Wichita teachers tell school board to end salary freeze

07/09/2012 5:00 AM

08/05/2014 8:28 PM

Wichita school board members heard from teachers on Monday – several during the board meeting and about 150 beforehand, rallying outside – who said they want better working conditions and an end to a four-year salary freeze.

“I do truly appreciate hearing that our work as teachers is valued,” Erin Gulick Dresher, an art teacher at Peterson Elementary School, told board members.

“Unfortunately, those compliments and those accolades and even your creative budgeting cannot pay my mortgage or feed my child,” she said. “It is time that you stop just saying how much you value me, and it is time that you start paying how much you value me.”

Contract negotiations between the school district and the union that represents its 4,000 teachers broke down last month. Meetings with a federal mediator have not yielded a contract agreement.

Superintendent John Allison, who has said in past months that the district needs to raise pay to attract and keep qualified teachers, told board members Monday that the coming school year “appears like a better year” budget-wise.

During a brief budget presentation, Allison said the district expects about $25 million in additional funding from various sources, including a $4.2 million increase in the base per-pupil state aid.

Other expected increases in revenue include: $3.9 million in aid for bilingual and at-risk students; $8.2 million more from the local option budget; $6 million in federal aid for special education; and $3 million in savings from retirements and vacancies.

Allison noted, however, that the district expects fixed costs to go up nearly $12.7 million for such things as fuel, technology, utilities and additional staff for bilingual and special-education students.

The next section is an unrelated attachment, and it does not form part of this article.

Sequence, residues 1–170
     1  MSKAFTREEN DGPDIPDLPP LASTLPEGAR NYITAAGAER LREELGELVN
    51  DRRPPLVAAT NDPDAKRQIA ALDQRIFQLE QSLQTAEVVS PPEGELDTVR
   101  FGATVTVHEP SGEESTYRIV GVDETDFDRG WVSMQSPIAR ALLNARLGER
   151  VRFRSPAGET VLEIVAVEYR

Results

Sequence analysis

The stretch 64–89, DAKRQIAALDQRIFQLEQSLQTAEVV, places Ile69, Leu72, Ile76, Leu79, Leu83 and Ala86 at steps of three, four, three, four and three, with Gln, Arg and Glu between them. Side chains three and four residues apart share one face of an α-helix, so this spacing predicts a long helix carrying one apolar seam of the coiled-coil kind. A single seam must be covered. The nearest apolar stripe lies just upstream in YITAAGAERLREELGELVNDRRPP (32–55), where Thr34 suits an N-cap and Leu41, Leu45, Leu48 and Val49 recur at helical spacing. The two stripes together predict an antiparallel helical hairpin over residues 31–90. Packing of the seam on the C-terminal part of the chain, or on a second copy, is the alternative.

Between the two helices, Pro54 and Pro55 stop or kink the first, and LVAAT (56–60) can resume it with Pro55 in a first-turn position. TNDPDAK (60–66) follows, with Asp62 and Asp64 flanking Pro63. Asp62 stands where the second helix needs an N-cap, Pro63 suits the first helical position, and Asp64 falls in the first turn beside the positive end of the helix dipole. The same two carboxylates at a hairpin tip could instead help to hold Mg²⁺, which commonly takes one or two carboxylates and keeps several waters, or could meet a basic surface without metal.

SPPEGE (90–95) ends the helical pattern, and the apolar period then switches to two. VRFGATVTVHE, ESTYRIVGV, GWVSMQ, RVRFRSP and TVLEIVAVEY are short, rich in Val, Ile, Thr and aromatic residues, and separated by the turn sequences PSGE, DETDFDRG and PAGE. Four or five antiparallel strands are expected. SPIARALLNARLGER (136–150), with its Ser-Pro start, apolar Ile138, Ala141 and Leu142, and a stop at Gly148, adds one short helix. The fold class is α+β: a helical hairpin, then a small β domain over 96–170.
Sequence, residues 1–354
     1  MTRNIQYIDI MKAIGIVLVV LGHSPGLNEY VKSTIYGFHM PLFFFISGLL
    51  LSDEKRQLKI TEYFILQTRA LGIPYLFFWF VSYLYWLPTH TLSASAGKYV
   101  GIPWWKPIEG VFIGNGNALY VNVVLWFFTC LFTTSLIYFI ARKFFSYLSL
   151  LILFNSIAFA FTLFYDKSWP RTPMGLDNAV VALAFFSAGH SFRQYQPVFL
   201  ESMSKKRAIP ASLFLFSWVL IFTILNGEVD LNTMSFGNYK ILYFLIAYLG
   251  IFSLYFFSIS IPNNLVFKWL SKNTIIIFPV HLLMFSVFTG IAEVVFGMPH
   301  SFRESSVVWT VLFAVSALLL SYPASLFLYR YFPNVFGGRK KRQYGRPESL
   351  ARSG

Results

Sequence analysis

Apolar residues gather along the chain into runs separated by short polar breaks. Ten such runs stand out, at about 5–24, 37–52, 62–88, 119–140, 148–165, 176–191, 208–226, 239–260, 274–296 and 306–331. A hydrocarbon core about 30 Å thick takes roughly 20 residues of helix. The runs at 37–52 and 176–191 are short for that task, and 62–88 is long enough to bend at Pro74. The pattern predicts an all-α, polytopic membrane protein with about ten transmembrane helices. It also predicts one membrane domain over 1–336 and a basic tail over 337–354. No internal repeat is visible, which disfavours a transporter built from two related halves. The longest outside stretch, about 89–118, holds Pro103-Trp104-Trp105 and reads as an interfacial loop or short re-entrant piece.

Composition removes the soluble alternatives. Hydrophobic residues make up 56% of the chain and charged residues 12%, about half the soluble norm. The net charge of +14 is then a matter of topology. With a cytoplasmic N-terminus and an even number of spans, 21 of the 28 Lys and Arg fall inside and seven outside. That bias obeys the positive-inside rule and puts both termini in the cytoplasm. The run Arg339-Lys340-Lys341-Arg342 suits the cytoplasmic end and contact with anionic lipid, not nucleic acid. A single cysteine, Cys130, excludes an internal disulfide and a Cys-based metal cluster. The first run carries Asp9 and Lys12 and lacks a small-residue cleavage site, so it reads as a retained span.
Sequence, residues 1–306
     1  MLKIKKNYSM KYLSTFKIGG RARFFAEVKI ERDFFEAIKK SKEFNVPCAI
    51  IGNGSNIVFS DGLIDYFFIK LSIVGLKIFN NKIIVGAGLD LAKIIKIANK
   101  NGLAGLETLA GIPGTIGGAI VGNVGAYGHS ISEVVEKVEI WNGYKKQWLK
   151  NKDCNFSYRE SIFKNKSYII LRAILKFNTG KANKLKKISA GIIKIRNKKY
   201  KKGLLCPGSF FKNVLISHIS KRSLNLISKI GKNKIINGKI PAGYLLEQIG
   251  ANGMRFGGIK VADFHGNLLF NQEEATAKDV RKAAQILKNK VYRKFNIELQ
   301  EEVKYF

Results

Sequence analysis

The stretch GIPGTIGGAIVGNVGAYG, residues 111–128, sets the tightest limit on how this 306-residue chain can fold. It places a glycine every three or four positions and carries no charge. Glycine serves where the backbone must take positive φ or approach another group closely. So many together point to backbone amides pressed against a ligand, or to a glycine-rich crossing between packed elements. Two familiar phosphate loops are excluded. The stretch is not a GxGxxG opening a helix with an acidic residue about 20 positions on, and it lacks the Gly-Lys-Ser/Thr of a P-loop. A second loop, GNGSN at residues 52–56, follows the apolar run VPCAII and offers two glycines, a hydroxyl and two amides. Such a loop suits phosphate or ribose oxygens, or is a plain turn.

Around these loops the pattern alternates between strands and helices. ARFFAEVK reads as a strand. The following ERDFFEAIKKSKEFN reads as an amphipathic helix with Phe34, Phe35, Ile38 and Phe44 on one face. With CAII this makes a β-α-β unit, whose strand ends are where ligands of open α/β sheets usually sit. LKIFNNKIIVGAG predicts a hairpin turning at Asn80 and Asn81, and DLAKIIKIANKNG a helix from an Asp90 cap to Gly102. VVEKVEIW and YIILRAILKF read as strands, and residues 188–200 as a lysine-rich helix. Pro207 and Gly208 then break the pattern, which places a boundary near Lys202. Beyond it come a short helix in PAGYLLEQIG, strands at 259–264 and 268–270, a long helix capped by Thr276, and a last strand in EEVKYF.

During Monday’s school board meeting several teachers addressed board members about contract concerns, including a district proposal, floated during contract talks for the past several years, to adopt more specific dress guidelines for teachers.

The current teacher contract states: “Teachers will project a positive professional image while dressing in an appropriate manner as determined by the teacher.”

Charlotte Neugebauer, a teacher who has worked in the district for more than 30 years, said most teachers “expect other teachers to dress professionally, and we are embarrassed by the few who do not.”

She suggested that principals deal one-on-one with teachers who dress inappropriately. She also proposed that any dress code, if approved, include the option for teachers to wear blue jeans.

“Many businesses today have casual Fridays in which jeans are appropriate. Many people even wear jeans to church,” Neugebauer said. “You can wear jeans and look nice. … Please do not let this issue keep teachers from getting a fair contract.”

Board member Lynn Rogers said the district hasn’t proposed any specific measures on blue jeans or other attire. “We’re saying we want to sit down and talk about it,” he said.

“My personal opinion is that the vast majority (of teachers) dress very professionally,” Rogers said.

But “besides what people pay for taxes, the No. 1 complaint I receive from citizens” is about teachers dressing inappropriately, he said.

“There are just a few that can create some terrible things for the image of a professional teacher because of that. … At some point we’re going to have to go to citizens to ask them for tax increases, and … we have to be able to answer some of those questions and concerns and qualms that are out there.”

A new contract for the district’s 4,000 teachers is set to begin Aug. 1.

Starting salary for a Wichita teacher is $37,998 a year, according to district officials. The average annual salary is $47,665.

In other matters Monday, the board unanimously elected Rogers as president for the 2012-13 school year. Board member Jeff Davis was elected vice president.

Editor's Choice Videos

Join the Discussion

The Wichita Eagle is pleased to provide this opportunity to share information, experiences and observations about what's in the news. Some of the comments may be reprinted elsewhere on the site or in the newspaper. We encourage lively, open debate on the issues of the day, and ask that you refrain from profanity, hate speech, personal comments and remarks that are off point. Thank you for taking the time to offer your thoughts.

Terms of Service